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The Effects of In-Work Benefit Reform in Britain on Couples: Theory and Evidence

Francesconi, M and Rainer, H and van der Klaauw, W (2007) The Effects of In-Work Benefit Reform in Britain on Couples: Theory and Evidence. UNSPECIFIED. CRIEFF Discussion Papers 0709.

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Abstract

This paper examines the effects of theWorking Families' Tax Credit (WFTC) on couples in Britain. We develop a simple model of household decisions which explicitly accounts for the role played by the tax and benefit system. Its main implications are then tested using panel data from the British Household Panel Survey collected between 1991 and 2002. Overall, the financial incentives of the reform had negligible effects on a wide range of married mothers' decisions, such as eligible (working at least 16 hours per week) and full-time employment (working at least 30 hours per week), employment transitions, childcare use, and divorce rates. Women's responses, however, were highly heterogeneous, depending on their partners' labour supply and earnings. Mothers married to low- income men showed larger responses in employment, especially if they had younger children. They were more likely to remain in the labour force and had higher rates at which they entered it. While more likely to receive the tax credit, they also experienced a greater risk of divorce. We find virtually no effect for women with higher-income husbands. Likewise, there are no statistically significant responses among married men.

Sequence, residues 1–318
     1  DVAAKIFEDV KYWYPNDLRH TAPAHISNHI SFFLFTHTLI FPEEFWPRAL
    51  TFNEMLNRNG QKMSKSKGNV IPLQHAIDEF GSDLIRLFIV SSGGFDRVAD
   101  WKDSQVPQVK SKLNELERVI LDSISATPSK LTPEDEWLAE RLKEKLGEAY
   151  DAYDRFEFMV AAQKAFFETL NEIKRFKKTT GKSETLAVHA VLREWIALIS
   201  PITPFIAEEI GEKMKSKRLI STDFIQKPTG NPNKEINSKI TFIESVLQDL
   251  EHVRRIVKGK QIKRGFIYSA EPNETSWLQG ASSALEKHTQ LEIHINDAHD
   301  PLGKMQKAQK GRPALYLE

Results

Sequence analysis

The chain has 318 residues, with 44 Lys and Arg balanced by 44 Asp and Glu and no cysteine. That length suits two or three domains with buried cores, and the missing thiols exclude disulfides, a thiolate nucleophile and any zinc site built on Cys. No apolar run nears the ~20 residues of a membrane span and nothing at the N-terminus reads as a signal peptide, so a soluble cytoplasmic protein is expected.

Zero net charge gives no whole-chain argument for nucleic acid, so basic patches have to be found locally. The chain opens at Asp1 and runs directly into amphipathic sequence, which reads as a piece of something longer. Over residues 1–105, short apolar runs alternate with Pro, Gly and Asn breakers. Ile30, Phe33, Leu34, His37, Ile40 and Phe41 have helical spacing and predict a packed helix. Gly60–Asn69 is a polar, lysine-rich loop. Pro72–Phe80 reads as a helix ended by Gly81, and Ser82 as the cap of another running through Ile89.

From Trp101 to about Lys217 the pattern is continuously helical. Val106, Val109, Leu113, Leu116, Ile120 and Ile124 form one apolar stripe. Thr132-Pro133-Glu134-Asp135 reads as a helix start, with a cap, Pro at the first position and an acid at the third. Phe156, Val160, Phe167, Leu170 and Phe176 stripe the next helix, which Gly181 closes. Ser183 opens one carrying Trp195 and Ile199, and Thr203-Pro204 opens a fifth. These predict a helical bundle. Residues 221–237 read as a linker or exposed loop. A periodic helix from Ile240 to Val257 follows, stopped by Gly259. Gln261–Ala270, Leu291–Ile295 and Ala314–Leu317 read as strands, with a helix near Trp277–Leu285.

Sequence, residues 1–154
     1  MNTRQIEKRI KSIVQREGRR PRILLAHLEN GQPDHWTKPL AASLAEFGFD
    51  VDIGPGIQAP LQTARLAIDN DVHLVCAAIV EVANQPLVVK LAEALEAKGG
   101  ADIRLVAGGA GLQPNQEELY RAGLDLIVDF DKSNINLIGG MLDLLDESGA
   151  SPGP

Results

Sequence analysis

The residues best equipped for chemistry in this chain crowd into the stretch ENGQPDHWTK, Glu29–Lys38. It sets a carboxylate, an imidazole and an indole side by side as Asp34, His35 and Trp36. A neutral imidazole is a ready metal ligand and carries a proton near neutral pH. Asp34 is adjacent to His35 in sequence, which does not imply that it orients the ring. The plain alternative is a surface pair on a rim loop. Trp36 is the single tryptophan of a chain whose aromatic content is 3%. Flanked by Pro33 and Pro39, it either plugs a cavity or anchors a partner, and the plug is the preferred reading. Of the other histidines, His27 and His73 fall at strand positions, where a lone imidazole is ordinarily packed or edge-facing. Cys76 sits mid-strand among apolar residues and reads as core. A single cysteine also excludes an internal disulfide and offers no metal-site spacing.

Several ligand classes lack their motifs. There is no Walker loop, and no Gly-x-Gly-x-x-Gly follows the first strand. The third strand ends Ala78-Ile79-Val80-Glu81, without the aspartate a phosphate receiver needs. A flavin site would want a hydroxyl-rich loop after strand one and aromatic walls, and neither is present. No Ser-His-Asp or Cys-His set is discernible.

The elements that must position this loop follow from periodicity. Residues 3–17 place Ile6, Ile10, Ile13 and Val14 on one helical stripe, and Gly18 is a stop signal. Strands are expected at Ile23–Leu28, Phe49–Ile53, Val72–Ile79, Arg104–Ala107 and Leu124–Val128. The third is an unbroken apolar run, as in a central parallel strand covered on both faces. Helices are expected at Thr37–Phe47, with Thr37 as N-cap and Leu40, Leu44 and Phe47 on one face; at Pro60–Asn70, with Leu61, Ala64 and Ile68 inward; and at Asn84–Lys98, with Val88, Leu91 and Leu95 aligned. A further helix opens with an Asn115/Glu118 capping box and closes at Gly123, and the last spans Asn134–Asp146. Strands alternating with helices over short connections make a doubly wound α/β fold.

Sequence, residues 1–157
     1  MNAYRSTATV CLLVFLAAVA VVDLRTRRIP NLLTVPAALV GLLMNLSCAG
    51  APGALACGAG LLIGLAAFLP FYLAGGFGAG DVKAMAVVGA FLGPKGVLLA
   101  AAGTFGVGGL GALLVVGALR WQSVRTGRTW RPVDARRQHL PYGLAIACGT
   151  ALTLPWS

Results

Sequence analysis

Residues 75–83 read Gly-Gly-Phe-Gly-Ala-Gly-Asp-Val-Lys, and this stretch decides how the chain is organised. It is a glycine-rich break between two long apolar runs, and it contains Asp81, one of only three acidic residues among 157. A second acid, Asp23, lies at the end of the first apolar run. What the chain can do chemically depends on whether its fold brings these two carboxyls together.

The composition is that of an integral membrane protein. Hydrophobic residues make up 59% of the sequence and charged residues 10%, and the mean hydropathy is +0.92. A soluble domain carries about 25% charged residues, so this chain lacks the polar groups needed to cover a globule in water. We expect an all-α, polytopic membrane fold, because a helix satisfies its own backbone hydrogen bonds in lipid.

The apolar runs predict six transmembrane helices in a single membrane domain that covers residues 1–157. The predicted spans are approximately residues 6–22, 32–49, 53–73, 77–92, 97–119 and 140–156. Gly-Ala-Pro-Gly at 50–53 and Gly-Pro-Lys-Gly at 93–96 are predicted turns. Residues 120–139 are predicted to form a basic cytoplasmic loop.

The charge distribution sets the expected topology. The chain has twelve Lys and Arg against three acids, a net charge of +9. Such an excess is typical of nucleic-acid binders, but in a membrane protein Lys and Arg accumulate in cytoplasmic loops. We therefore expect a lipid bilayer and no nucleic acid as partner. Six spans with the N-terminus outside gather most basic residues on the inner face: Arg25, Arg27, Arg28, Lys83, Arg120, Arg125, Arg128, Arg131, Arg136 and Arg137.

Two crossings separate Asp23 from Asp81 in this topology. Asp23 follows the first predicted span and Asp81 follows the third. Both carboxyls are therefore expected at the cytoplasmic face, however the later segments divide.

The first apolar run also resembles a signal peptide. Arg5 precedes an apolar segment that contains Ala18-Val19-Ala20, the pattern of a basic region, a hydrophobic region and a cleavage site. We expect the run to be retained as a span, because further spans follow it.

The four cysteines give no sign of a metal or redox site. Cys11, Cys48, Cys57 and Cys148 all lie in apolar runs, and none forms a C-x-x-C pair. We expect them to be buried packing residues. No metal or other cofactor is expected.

Item Type: Monograph (UNSPECIFIED)
Uncontrolled Keywords: Tax credit; household labour supply; intrahousehold bargaining; divorce
Subjects: H Social Sciences > HB Economic Theory
Divisions: Faculty of Social Sciences > Economics, Department of
Depositing User: Jim Jamieson
Date Deposited: 27 Jun 2012 13:53
Last Modified: 17 Aug 2017 18:12
URI: http://repository.essex.ac.uk/id/eprint/2593

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